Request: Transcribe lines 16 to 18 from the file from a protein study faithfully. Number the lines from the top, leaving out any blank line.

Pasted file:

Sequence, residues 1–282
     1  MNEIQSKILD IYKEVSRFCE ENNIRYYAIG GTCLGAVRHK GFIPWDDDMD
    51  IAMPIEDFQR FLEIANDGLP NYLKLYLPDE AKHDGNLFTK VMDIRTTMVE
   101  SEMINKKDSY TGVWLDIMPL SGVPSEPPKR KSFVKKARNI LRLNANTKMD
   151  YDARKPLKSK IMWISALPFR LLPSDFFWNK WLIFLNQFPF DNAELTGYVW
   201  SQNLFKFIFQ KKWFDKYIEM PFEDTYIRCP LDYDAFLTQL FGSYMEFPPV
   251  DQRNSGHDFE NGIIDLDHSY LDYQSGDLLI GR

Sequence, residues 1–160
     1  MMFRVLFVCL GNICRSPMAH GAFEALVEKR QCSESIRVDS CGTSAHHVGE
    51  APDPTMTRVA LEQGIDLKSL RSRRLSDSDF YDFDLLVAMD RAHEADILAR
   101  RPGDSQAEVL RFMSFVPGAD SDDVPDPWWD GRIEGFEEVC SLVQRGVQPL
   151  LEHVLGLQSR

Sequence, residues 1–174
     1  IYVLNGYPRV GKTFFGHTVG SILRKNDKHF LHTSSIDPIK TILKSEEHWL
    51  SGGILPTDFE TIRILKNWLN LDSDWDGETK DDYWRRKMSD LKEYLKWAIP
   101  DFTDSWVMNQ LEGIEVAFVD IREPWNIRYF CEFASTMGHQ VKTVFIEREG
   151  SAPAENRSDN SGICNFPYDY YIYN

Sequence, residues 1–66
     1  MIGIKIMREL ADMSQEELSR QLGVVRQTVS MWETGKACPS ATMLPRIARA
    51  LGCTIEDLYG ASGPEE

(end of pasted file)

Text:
   101  DFTDSWVMNQ LEGIEVAFVD IREPWNIRYF CEFASTMGHQ VKTVFIEREG
   151  SAPAENRSDN SGICNFPYDY YIYN

Sequence, residues 1–66